“To ignore, overlook, or apologize for these wrongs is to prove ourselves unworthy of freedom.”
Declaration of Principles, Niagra Movement, 1905
Today, on 111th anniversary of its founding, we are reflecting on the significance the Niagara Movement, a civil rights organization that held its inaugural meeting on banks of one of the most prominent natural spaces in the United States.
Niagara Falls had long been a simple of Black Liberation. Underground Railroad conductor and Outdoor Afro of her time, Harriet Tubman demanded her passengers to “Come look at the Falls!” as they made their way to freedom in Canada. Niagara Movement Organizers, W.E.B. DuBois and William Trotter connected the roar of the falls to their demand for racial justice and their rejection of accommodation and conciliation.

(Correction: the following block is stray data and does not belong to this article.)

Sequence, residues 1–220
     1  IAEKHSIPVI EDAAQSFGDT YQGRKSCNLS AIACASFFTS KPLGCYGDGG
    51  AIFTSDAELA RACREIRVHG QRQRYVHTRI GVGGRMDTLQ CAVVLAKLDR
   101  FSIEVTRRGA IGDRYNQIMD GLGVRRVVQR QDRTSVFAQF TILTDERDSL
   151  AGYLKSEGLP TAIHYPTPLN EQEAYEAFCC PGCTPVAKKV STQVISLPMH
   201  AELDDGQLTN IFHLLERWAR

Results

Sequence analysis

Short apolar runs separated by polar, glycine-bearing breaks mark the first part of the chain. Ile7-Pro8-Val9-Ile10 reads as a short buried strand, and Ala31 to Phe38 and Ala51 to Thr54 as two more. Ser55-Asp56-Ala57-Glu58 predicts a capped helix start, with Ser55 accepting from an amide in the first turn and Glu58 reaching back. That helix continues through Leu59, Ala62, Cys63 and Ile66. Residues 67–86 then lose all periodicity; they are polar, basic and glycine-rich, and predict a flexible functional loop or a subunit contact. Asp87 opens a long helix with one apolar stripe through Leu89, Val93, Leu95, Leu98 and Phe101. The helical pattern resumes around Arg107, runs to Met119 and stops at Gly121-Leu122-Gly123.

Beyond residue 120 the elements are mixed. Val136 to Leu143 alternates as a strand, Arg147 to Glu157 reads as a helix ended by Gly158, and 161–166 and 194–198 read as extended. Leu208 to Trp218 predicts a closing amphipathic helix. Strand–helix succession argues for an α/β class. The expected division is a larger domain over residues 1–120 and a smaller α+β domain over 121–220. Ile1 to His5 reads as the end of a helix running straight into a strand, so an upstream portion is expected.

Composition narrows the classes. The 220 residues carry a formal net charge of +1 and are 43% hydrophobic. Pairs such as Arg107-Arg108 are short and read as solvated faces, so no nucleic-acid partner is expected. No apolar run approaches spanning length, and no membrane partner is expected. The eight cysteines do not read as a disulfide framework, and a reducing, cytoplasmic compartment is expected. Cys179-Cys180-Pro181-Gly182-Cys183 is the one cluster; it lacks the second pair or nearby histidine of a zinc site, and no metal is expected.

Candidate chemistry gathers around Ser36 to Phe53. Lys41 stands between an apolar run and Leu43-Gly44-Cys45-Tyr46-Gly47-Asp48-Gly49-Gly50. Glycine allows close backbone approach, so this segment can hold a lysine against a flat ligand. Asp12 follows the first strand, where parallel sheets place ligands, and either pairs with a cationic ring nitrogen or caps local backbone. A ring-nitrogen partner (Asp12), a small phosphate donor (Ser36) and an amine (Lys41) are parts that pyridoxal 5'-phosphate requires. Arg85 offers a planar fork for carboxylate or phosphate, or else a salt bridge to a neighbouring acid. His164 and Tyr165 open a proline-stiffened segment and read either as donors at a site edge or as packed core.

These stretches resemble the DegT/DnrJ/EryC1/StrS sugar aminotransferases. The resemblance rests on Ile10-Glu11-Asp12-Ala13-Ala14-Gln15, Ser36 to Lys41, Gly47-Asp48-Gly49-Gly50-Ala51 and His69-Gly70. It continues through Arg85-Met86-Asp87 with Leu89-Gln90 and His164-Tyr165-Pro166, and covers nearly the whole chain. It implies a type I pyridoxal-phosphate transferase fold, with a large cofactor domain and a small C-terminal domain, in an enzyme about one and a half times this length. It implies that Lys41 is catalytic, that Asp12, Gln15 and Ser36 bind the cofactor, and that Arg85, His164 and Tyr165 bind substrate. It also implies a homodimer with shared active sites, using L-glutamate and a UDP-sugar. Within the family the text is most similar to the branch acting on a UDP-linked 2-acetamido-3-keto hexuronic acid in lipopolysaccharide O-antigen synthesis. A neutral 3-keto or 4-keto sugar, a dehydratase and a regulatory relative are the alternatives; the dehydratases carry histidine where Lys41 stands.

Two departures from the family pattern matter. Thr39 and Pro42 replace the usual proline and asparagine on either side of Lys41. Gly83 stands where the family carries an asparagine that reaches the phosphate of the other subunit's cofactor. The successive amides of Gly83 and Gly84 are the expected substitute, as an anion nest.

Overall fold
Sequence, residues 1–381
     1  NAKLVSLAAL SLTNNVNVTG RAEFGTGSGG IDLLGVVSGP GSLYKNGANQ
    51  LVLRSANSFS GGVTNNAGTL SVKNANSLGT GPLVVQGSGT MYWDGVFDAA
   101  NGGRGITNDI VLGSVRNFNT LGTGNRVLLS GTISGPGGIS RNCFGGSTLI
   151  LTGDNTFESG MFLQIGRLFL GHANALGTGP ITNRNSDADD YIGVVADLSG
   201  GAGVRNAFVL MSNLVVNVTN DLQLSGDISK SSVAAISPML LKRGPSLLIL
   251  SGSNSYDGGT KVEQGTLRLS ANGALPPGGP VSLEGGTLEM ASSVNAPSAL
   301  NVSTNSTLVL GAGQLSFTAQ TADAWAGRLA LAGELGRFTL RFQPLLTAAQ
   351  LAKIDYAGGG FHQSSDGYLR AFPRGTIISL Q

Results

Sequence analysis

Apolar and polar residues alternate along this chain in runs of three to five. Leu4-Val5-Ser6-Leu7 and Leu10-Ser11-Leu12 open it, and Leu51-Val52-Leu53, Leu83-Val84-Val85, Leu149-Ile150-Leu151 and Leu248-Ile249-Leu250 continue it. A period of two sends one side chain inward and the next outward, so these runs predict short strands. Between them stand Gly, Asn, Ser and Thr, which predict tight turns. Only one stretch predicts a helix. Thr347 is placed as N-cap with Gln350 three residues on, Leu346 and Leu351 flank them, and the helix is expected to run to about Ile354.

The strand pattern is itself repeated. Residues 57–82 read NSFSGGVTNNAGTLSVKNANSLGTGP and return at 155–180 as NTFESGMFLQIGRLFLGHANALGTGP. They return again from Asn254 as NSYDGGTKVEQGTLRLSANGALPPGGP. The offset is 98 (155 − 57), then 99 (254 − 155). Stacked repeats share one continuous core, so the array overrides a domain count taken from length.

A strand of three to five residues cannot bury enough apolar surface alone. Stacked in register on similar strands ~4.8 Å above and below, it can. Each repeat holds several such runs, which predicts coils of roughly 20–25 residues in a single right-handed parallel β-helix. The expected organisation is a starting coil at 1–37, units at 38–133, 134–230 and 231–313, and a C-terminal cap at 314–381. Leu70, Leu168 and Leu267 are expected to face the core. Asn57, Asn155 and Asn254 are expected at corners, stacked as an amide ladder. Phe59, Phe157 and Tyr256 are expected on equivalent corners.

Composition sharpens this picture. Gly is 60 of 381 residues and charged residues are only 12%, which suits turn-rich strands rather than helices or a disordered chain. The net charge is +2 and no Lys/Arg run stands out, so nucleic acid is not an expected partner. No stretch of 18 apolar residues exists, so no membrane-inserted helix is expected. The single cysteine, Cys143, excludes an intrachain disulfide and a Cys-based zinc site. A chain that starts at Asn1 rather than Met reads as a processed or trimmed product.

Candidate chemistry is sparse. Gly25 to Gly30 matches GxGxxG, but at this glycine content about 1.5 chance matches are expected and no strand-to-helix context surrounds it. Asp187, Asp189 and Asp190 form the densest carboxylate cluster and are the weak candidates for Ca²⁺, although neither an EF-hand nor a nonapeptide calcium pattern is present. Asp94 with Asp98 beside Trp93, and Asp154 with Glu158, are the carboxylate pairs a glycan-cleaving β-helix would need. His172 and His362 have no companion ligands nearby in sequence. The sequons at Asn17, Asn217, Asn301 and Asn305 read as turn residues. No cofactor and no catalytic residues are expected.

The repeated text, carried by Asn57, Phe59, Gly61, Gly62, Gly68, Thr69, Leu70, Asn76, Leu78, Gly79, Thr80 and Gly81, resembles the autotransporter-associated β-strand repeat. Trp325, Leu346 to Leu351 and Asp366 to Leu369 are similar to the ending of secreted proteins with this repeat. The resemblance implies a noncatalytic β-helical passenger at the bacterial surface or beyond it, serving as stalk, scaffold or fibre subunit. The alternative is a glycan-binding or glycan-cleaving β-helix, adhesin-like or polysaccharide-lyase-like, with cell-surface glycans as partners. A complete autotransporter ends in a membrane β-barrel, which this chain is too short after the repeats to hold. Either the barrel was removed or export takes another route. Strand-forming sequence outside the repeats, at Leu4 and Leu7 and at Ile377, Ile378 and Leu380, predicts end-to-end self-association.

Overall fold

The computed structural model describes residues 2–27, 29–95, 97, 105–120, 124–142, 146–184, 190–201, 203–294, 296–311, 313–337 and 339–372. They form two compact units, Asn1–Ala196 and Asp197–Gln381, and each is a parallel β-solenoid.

So from July 11-13, 1905, intentional on the significance of their environment to their cause, they named their organization “The Niagara Movement” to be representative of a “mighty current” of change its leaders sought to bring about.
Over the course of three days, the participants met around the dining room table of prominent Black American Mary Talbert and created their Declaration of Principles. The nineteen paragraph document which urges Black Americans “to protest emphatically and continually against the curtailment of their political rights” resonates as we reread them today. And it is an important reminder of how the outdoors have inspired Black leadership and revolution.